-- Will Brinson

For more NFL news, rumors and analysis, follow  @cbssportsnfl   on Twitter.  
Posted on: July 15, 2010 12:26 pm
Edited on: July 15, 2010 3:29 pm
 

Position rankings: tight ends

A. Gates makes a TD catch against Cincinnati last year (Getty). Josh Katzowitz and Andy Benoit resume their debate, with today’s focus on tight ends.

Josh Katzowitz's top five

5. Vernon Davis, 49ers

4. Dallas Clark, Colts

3. Jason Witten, Cowboys

2. Antonio Gates, Chargers

1. Tony Gonzalez, Falcons

To pick a top-five list of tight ends, you can go the easy route or you can get it right. It’d be easy to sit back, click on last year’s receiving stats and pick the tight ends who had the most catches and/or touchdowns. But it’s not just about pass-catching ability. You also have to block the defensive end, linebacker or blitzing safety. Duality is important. You can make a lot of money catching passes as a TE, but that doesn’t mean you’re necessarily top-five in my eyes.

Gonzalez isn’t only top-five currently; he’s top-five all time. Heck, he might be No. 1 all-time, and even though he’s 34, he’s found new life with the Falcons. He’s been catching and blocking well since 1997.

Gates has grown into his TE role. He’s 6-foot-4 and 260 pounds – who can defend him? Not a linebacker – he’s too fast for him. Not a safety – he’s too big for him. Who then? Defenders have to hope that maybe the plantar fasciitis from which Gates is suffering will slow him.

I really like Witten. He blocks well in the run game, he catches a higher percentage of the passes that are thrown to him than just about any other tight end and he’s made the Pro Bowl six years running.  Dallas Clark had 100 receptions last year. That’s just impressive. Vernon Davis has great blocking skills to go with his ’09 78-catch, 13-touchdown season. The No. 5 spot was between him and Kellen Winslow, but ultimately, I like Davis’ consistency just a little more.

Andy Benoit's top five

5. Dallas Clark, Colts

4. Owen Daniels, Texans

3. Vernon Davis, 49ers

2. Tony Gonzalez, Falcons

1. Antonio Gates, Chargers


Tight end is one of the most difficult positions to rank. We’re basically in agreement on Gates and Gonzalez. Gates might be the greatest mismatch exploiter in the NFL. And you’re right about Gonzalez’s blocking. Vernon Davis is a monster athlete. He’s not the most natural all-around receiver – changing direction as a route runner and tracking off-target passes can challenge him at times – but he is far and away the best seams weapon in the sport. Mike Singletary has called Davis the best blocking tight end he’s seen. That’s a little hyperbolized, but only a little.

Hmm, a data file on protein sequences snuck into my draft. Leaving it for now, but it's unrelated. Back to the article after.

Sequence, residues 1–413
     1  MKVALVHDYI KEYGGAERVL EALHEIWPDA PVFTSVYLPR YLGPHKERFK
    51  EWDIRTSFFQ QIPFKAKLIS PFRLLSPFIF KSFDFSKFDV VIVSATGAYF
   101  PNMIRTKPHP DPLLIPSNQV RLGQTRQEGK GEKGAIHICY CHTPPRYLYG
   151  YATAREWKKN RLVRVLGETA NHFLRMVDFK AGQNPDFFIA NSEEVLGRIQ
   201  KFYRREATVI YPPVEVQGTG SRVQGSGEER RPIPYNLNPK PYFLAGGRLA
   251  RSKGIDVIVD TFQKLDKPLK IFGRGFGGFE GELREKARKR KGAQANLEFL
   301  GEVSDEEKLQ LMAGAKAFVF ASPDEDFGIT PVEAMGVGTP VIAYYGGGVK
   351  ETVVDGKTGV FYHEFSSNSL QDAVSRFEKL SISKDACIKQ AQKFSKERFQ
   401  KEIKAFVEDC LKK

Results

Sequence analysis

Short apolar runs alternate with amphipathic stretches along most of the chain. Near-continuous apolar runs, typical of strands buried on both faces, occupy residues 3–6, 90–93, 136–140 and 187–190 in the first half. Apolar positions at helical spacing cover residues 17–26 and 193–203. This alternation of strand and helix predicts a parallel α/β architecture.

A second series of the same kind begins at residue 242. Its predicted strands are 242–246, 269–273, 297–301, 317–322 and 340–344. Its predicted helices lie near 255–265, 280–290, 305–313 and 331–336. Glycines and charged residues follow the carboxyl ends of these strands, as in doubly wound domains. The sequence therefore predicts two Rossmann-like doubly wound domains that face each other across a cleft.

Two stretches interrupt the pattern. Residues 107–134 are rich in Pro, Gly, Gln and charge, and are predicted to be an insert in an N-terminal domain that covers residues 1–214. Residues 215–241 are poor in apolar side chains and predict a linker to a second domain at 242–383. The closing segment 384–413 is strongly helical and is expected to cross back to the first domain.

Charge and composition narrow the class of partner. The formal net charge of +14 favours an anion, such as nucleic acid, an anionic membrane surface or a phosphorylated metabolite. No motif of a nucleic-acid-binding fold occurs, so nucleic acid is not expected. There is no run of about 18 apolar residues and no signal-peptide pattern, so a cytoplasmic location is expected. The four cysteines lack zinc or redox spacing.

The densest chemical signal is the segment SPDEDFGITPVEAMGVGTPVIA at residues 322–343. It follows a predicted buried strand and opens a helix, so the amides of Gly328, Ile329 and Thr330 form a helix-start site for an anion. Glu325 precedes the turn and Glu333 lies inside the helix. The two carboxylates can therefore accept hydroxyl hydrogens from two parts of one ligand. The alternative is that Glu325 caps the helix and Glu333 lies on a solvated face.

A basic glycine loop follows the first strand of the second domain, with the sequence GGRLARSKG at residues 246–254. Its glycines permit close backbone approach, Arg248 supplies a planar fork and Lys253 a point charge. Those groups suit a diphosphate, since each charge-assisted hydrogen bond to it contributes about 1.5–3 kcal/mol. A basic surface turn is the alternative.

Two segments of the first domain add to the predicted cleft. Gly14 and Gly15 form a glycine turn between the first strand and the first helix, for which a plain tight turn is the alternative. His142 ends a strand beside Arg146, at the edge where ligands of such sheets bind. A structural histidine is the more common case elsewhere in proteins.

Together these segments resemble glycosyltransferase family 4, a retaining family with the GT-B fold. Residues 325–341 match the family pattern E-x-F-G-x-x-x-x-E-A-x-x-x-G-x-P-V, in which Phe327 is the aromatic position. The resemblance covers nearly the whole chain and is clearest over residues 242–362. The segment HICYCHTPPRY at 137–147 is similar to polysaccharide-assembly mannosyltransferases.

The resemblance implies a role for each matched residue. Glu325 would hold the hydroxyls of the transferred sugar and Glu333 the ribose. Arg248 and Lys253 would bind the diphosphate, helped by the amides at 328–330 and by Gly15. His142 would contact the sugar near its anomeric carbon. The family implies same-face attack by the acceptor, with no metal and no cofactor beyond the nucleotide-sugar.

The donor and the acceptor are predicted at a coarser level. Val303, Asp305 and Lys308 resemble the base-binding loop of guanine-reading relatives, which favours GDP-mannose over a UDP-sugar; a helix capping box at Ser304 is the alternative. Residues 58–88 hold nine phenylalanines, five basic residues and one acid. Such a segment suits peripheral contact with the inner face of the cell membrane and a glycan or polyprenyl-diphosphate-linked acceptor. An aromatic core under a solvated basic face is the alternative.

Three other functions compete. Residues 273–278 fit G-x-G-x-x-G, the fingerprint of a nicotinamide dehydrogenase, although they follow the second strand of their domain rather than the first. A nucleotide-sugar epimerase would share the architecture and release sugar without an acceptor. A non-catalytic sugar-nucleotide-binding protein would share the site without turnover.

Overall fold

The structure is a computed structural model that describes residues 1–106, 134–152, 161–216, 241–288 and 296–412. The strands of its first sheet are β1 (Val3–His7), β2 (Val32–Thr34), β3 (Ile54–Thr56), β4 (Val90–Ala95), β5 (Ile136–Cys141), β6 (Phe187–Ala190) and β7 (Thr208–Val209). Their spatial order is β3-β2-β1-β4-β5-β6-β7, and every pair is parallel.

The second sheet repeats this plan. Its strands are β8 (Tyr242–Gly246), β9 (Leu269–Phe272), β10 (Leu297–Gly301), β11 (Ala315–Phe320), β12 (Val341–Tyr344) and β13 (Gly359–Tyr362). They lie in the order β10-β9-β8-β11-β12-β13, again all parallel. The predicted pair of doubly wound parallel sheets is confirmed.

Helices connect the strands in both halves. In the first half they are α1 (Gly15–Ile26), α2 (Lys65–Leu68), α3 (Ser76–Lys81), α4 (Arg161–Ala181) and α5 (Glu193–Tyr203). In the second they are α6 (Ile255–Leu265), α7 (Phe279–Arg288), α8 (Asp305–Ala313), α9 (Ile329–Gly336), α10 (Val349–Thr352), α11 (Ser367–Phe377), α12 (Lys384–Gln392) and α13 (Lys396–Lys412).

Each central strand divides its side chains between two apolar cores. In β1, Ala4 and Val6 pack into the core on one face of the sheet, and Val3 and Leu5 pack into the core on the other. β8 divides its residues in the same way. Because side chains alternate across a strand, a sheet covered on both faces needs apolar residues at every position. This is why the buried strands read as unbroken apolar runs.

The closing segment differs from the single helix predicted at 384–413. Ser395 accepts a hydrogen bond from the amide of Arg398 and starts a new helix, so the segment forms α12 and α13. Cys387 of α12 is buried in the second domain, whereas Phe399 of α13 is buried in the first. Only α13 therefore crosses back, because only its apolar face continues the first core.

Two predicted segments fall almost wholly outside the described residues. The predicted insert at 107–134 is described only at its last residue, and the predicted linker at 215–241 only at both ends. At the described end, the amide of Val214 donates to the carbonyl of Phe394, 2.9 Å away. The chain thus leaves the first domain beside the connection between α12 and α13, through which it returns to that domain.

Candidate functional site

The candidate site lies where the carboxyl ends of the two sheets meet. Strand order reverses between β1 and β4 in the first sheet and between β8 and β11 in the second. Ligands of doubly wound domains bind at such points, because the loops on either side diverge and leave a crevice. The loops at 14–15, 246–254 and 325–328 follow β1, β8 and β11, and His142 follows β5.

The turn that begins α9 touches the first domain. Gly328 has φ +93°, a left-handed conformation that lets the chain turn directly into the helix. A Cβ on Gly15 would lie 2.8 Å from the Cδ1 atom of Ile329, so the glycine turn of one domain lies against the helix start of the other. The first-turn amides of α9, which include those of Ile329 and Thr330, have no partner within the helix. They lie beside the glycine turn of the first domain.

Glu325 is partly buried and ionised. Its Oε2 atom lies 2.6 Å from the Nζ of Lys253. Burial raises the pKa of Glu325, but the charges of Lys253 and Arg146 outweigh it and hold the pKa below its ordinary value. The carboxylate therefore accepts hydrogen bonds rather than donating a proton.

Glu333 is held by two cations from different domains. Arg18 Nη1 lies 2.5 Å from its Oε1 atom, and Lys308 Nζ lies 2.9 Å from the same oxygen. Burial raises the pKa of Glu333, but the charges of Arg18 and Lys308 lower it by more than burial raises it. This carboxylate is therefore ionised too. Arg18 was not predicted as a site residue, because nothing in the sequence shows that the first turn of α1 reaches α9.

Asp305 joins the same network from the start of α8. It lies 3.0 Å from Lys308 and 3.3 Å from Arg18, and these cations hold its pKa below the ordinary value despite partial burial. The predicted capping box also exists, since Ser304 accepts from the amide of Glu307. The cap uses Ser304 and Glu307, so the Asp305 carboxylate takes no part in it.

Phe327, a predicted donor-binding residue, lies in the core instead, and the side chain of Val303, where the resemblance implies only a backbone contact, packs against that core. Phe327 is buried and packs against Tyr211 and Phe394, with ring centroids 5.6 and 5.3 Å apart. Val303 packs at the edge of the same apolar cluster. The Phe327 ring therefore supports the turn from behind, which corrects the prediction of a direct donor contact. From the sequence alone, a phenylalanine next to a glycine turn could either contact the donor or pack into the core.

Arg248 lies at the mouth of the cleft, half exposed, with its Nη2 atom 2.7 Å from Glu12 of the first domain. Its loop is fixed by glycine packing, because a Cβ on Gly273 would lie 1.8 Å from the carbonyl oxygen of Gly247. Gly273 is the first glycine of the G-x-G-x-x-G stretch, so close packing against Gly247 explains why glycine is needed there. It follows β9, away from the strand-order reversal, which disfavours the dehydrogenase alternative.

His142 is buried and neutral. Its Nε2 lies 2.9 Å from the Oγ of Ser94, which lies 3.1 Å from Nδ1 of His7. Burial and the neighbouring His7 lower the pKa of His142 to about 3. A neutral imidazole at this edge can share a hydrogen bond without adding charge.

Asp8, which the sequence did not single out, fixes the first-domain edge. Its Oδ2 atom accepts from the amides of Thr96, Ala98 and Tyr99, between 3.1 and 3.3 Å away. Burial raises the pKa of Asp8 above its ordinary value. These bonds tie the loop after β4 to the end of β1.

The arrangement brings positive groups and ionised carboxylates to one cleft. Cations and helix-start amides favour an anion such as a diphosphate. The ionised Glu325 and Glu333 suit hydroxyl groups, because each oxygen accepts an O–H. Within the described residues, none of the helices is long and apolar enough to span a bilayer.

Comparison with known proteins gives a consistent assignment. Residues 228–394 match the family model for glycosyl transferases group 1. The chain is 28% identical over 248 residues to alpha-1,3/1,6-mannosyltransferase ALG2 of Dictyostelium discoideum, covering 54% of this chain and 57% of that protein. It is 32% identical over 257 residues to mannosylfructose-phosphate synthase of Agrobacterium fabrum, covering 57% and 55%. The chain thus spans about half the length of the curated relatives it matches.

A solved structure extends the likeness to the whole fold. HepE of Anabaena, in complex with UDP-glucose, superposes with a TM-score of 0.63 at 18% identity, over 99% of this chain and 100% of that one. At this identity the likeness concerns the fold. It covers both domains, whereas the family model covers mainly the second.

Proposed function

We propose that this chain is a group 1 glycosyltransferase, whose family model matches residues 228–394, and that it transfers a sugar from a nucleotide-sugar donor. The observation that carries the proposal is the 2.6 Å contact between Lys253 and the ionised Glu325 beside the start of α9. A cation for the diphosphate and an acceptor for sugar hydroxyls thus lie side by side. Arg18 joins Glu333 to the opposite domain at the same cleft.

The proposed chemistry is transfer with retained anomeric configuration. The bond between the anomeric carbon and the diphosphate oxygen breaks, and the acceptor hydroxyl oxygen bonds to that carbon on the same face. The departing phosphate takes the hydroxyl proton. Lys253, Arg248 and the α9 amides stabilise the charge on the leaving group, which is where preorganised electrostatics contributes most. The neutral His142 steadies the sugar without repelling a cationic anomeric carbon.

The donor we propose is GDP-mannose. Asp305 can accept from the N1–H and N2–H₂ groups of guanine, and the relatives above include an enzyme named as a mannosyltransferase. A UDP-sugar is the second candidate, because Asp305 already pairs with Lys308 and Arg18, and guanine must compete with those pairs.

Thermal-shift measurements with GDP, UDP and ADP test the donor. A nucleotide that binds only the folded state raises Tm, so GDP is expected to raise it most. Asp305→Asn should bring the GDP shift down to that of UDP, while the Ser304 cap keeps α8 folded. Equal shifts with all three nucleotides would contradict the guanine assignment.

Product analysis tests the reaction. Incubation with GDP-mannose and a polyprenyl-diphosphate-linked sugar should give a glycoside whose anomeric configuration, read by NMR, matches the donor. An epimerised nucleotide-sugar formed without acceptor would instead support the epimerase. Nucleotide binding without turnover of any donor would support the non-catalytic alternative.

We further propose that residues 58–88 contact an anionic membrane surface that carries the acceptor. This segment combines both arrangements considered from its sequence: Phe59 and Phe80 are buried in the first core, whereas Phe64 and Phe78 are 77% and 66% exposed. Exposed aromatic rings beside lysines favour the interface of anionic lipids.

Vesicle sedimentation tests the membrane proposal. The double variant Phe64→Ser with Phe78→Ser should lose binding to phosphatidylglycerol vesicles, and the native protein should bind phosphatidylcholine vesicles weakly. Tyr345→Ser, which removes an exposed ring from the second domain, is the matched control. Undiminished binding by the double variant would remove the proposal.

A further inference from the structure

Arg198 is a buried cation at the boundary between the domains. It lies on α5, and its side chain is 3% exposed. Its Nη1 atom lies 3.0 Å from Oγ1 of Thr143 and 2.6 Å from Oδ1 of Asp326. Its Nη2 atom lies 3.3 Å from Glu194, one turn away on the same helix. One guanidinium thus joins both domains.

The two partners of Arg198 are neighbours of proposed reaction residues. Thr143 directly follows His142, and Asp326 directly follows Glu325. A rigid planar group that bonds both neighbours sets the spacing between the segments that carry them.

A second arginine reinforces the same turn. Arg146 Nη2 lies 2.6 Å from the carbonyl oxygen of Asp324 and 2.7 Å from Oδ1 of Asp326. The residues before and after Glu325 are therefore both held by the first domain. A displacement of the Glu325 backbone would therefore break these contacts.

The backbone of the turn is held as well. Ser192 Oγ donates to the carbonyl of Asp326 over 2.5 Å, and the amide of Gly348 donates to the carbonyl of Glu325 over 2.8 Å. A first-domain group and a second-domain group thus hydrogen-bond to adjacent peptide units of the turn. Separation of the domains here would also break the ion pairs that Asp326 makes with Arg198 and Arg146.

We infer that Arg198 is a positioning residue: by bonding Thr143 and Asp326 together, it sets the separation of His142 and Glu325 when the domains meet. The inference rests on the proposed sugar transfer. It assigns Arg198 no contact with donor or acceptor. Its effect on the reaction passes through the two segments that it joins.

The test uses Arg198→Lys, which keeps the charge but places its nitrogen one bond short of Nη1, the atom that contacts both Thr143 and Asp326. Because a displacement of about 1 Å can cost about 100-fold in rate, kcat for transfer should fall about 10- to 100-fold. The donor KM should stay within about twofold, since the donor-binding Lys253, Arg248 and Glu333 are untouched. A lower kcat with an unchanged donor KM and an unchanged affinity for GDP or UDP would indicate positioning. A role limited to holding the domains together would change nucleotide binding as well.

Most people will think I’m a joke for leaving Witten off. To be honest, I feel like a joke. But Clark is a lynchpin in arguably the best offense in football, and I can’t have a top five list without Daniels. He has become the best pass-catching tight end in football. Privately, I’ve heard a few well-known, universally-respected NFL analysts say he is THE best tight end – period. He is coming off major knee surgery, though.

I’m going to give you a prediction: by this time next year, every intelligent football observer will have Packers tight end Jermichael Finley No. 1 on their list. Finley is Gates with more size and athleticism.

Josh’s rebuttal

So, you’ll see my Bobbie Williams, my Jon Stinchcomb and my Manny Lawson, and you’ll raise me a Jason Witten. A bold move, my friend. Obviously, I don’t agree with you excluding Witten – at the very, very least, I’d pick him over Clark – but I don’t think you’re a joke. Maybe a pun that isn’t very funny, but not a joke. Honestly, I think Daniels is a sturdy pass-catcher, but his blocking is too much of a factor (or a non-factor) for me to consider him a top-five guy.

Andy’s final word

I’m fine with criticism of Daniels’s blocking, but in Houston’s system, it really doesn’t matter. Since we’re on the topic, I’ll take this opportunity to give props to Broncos veteran Daniel Graham, who is far and away the best blocking tight end in the NFL. And Kellen Winslow, who Josh mentioned earlier, is the league’s best route-running tight end.

To anyone out there who feels the urge to say “Hey! What about Brent Celek?!” or “Hey! Aren’t you forgetting Visanthe Shiancoe!?”, save it. Both players are classic examples of guys who benefit from having stars around them. Celek gets to operate against linebackers on just about every snap, and Shiancoe is primarily Brett Favre’s dumpoff option.

I’ve also noticed that Steeler fans are particularly sensitive about Heath Miller. Yes, Miller has soft hands and he’s incredibly sound fundamentally, but he’s also the fourth option in Pittsburgh’s offense. Just to finish things off, don’t try to sell Chris Cooley, either. Josh and I both put a better version of Cooley on our list, called Dallas Clark.

--Josh Katzowitz and Andy Benoit

For more NFL news, rumors and analysis, follow @cbssportsnfl on Twitter.

Posted on: July 15, 2010 10:12 am
 

Favre still not saying if he'll return

Though it seems crystal clear that Vikings QB Brett Favre will return for his 20th season – he probably wouldn’t be throwing to high school receivers if he wasn’t planning to come back – he still refuses to say for sure.

In an interview with ESPN after Wednesday night’s ESPYs awards, as captured by Fanhouse , Favre played coy.

"I would love to play and be the best I can possibly be, and that's what I'm working towards right now,” he said.

After an outstanding 2009, Favre had offseason ankle surgery that was deemed minor. But the recovery time has been slower for Favre than he’d like.

"I still have a little bit of time," Favre said during a post-ESPYs interview. "I'm still, believe it or not, not completely healthy, and I may never be. … I'd hope it (the ankle) would be a little better at this point. I can walk on it, but you don't walk in football."

Either way, I wouldn’t expect to see much of Favre at Vikings training camp this season. He didn’t attend last year’s camp either, and that seemed to work out OK for everybody.


--Josh Katzowitz

For more NFL news, rumors and analysis, follow @cbssportsnfl on Twitter.



Category: NFL